Sometimes tempers flair among the boats and the river rats engage in harsh words or paddle slapping to let off steam. I never remember any disagreements on the water turning into actual fights among the men.
I suppose the earliest settlers who came upon the Roanoke River saw an opportunity to get fresh food from the river since it teamed with all kinds of fish. The Tuscarora and Saponi Indians had been fishing these waters many years before the first white man ever saw the river. There are archeological findings of fish hooks made from animal bones. The Native Americans lived, hunted and fished on the “Great Falls” or the “River of Death” as they called it in their oral history. The Native Americans also used nets to catch larger numbers of fish. The early American settlers brought with them new forms of netting and small boats which made it easier to get to the fish and use their seine and pole nets from their boats. The fish also became a source of money and trade in local economies here and abroad. The boats enabled the men to catch more fish so they could clean and salt them down to preserve them for winter.
Fishing activities continue up to this century. This subculture of “river rats”
Has its beginning when men would gather together to catch the rock fish during the spawning season. As it continued as a local custom, people would build shacks along the river banks next to “Mush Island.” They mainly kept their fishing goods in the shack during the spawning season. It also served as a place to sleep, drink and cook what they called “Rock Fish Muddle.” This is a type of fish stew.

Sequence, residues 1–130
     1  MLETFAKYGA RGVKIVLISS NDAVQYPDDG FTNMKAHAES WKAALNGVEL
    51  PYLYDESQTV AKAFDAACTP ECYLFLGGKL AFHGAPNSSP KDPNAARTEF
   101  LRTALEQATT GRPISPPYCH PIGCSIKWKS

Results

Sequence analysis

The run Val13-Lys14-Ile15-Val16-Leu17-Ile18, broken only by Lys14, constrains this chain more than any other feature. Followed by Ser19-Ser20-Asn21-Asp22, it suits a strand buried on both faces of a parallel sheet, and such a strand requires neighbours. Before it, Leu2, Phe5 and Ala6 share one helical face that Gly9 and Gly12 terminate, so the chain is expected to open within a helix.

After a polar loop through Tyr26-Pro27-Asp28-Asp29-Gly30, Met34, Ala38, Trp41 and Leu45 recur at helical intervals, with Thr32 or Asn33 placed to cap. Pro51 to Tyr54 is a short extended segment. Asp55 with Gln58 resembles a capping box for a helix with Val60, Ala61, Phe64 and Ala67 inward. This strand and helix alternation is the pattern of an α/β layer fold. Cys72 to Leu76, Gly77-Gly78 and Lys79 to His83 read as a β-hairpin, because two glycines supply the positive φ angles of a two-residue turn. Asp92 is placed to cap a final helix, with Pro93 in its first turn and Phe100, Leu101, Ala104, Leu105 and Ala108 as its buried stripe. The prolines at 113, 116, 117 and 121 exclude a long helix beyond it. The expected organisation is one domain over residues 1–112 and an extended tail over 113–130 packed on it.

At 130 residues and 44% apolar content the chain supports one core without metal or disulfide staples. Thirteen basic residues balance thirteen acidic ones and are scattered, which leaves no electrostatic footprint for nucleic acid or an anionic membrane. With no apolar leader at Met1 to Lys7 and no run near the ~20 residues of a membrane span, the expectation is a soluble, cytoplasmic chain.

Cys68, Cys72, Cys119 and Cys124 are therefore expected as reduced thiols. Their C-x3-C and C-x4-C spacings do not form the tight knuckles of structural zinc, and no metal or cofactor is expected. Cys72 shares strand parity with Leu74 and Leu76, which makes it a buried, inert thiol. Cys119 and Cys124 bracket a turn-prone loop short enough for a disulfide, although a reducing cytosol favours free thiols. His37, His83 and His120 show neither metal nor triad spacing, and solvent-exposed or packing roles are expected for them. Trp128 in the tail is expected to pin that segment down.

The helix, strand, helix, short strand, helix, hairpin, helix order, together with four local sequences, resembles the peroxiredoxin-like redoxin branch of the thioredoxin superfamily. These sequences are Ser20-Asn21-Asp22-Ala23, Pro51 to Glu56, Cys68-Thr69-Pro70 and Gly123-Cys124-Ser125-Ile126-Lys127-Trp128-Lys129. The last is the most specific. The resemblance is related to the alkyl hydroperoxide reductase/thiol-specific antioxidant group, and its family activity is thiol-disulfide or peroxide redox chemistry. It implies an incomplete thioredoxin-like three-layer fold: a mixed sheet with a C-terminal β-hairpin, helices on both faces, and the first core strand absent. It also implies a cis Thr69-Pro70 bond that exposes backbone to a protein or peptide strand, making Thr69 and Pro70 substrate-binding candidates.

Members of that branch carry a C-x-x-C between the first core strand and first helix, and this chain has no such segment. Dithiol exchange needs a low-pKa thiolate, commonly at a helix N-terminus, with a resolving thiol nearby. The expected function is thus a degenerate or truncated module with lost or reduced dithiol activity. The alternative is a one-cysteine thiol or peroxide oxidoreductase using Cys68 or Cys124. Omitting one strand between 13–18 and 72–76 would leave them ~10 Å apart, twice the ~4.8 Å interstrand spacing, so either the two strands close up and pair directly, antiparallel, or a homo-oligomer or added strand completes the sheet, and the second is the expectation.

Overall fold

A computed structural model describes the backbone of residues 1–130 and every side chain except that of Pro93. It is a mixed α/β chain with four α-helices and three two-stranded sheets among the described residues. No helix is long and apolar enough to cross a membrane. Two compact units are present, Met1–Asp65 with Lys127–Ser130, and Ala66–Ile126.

The catching of the fish is only one aspect the subculture. Another important social event was the cooking of the fish each day for a group meal. Each group of “River Rats” had their own special recipe for what went into the “Muddle.”
Basically it is composed of rock fish fillets placed into a cast iron pot of hot water with other seasonings like salt, black pepper, chopped potatoes, and chopped onions. Then the group’ secret ingredients were added. Mostly ground dried red peppers and some other unknown ingredients were also added. Occasionally, some catfish meat was also added. The “muddle was cooked down slowly to a flakey mixture but not a totally to a dry consistency.
As the muddle was cooking the men would be drinking beer and booze and chatting. The longer they talked the more booze they consumed. I never knew of any fisticuffs happening but there were some pots of “muddle” that were burned on the bottom from lack of attention.
The muddle would be almost finished cooking then the men would fry a bunch of corn pone to eat with the muddle. There were as many recipes for “muddle” and corn pone as were people eating it. One thing could always be counted on---the “muddle” was spicy hot.
There were other ways of preparing the fish, such as frying the fish as small cut pieces. The cooks would have their own recipes for the type of batter to use on the fish pieces. Things like beer, corn meal, flower; salt, chopped onions and black pepper were applied after the fish pieces were dredged through beaten eggs. Then the pieces would be dragged through the meal mixture thickly coated then fried crispy brown till done. They would also cook corn pone in the same grease as the fish to give the pone a fish flavor.
I remember these gatherings from my boyhood and on into my young adulthood. I can still smell the aroma of the “muddle” corn pone and fried fish and picking out fish bones.
This social event has all but disappeared from “Mush Island” today. Although fisherman still come in their boats and cast with lures for rock fish there is no more netting allowed at “Mush Island” area in an effort to bring back the population of rock fish to the area.
The Author Sam Garner contributed this article exclusively for us at stripers247.com
Sams home is in North Carolina. He is planning an aerial overview of the Roanoake for the spring 2007 season.